Building up its newly formed “Brand Group,” AOL has acquired electronics review site gdgt for an undisclosed sum. Last year, gdgt (pronounced "gadget") partnered with Engadget to provide structured product data to the AOL-owned tech blog.
“We got to talking further and realized that gdgt, its team, its technology, and perhaps most importantly its DNA, were a natural fit for AOL,” Gdgt co-founder Ryan Block explained in a blog post.
An AOL spokeswoman said the company was "thrilled," regarding the deal. On background, however, another company
source said the deal was “tiny.”
The alliance is not surprising, considering that Peter Rojas, who co-founded gdgt with Block in 2009, created Engadget back in 2004. So auspicious was gdgt’s 2009 debut, that CBS and Amazon were reportedly kicking the blog’s tires within months of its launch.
Known for its lists -- from lists of gadgets people want to lists of gadgets people already have -- gdgt more recently repositioned itself as a gadget-ranking aggregator.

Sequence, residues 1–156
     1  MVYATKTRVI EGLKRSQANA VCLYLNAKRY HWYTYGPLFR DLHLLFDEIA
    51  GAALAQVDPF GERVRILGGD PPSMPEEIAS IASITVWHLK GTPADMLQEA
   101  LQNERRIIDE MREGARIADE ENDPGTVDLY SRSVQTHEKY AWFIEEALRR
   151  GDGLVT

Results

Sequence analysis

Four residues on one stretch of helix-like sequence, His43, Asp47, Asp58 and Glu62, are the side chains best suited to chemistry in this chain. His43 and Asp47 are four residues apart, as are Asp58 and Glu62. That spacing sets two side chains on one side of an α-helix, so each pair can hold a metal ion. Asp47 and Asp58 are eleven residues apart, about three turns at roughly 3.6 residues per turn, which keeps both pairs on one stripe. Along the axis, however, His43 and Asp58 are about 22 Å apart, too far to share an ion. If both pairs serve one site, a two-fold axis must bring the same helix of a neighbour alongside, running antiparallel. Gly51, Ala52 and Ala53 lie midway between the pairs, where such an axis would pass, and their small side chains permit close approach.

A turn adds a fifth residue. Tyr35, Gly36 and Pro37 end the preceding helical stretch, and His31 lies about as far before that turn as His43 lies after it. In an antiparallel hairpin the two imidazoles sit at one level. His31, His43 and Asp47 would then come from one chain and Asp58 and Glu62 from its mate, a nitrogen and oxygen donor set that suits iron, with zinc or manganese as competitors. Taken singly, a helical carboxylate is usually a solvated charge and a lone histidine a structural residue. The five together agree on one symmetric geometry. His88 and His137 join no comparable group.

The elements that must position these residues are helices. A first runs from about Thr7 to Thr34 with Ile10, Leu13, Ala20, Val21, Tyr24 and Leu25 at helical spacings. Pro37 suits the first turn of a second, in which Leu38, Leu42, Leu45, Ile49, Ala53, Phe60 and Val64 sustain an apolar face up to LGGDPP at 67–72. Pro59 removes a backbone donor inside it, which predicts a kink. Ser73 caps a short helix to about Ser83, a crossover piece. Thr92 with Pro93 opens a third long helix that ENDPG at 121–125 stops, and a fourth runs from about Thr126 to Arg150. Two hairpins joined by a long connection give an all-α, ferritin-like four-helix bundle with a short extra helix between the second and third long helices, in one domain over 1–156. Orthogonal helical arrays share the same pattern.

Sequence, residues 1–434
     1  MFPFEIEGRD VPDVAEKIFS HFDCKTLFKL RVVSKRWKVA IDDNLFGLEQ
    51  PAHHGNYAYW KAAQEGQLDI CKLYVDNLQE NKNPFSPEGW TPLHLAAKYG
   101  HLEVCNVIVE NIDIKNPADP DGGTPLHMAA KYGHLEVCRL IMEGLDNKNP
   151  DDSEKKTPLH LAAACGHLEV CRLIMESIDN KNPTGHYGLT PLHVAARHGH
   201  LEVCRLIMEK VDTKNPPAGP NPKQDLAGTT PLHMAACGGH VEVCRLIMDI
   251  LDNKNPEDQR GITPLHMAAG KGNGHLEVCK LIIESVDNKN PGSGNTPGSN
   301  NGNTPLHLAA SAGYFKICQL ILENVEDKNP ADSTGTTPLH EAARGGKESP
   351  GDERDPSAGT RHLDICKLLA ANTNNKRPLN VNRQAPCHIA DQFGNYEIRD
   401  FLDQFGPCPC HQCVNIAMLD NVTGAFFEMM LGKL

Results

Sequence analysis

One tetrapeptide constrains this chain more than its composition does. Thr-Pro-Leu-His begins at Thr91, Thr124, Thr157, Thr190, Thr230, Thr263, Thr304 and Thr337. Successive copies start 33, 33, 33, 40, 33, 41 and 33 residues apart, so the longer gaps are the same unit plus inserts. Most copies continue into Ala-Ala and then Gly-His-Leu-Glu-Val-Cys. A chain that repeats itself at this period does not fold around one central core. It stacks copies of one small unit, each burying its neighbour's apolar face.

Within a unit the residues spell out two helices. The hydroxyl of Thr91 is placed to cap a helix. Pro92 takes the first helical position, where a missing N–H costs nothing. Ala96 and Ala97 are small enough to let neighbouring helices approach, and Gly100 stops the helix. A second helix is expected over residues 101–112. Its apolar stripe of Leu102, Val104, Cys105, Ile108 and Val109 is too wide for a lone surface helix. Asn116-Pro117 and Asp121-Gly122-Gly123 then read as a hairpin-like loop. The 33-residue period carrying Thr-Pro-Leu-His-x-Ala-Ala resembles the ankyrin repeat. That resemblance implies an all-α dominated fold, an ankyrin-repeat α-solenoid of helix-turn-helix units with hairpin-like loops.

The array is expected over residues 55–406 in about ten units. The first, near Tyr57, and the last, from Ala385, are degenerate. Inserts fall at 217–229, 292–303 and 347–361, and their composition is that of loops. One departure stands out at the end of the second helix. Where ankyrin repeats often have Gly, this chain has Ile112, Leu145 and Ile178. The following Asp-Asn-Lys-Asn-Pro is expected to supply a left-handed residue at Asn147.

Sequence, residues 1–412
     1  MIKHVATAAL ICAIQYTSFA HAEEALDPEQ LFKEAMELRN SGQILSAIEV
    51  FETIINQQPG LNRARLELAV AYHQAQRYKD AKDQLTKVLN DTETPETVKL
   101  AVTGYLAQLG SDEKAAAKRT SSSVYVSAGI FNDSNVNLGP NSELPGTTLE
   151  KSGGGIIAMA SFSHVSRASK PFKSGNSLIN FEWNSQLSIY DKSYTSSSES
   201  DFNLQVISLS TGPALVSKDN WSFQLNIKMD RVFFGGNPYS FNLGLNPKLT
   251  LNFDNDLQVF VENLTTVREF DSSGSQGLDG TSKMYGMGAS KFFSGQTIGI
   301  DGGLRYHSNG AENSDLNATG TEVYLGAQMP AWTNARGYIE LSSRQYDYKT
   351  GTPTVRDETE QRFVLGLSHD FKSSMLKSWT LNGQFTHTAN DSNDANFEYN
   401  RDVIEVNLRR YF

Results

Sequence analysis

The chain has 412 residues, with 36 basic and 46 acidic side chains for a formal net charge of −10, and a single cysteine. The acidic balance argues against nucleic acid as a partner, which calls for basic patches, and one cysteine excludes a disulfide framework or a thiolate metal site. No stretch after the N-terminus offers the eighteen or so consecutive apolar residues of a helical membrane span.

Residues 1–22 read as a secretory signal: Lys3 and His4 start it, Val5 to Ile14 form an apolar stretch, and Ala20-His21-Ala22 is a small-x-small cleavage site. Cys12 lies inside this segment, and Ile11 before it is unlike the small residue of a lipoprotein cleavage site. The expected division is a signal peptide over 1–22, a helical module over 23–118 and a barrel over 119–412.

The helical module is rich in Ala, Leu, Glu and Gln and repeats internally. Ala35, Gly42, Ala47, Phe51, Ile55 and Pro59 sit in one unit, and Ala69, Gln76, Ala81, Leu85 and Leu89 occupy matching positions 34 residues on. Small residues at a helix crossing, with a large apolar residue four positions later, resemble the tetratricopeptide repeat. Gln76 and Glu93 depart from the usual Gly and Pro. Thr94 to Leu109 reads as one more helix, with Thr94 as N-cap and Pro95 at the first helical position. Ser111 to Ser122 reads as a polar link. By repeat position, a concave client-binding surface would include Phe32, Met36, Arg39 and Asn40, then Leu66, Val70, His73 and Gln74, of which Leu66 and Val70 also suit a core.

The site did so with a "gdgt score," which is an aggregate score compiled by weighting scores from different magazines and Web sites, and then ranking a product from 1 to 100.
Last week, AOL said it would manage its business by segments. Gdgt will no doubt fit into its “Brand Group,” which already includes AOL.com, The Huffington Post, local news network Patch, tech blog TechCrunch and MapQuest.
Thanks to healthy increases in global ad revenue, AOL reported fourth-quarter revenues were up 3.9% year-over-year -- to nearly $600 million -- which represents the company’s greatest sales gain in eight years.
Last year, rumors swirled that AOL was preparing to sell off TechCrunch and Engadget, along with smaller assets like TUAW and Joystiq. Denying the reports, TechCrunch said at the time they stemmed from a never-executed plan by AOL executives to turn its tech properties -- including TechCrunch and Engadget -- into a separate entity, which they would have valued at around $200 million.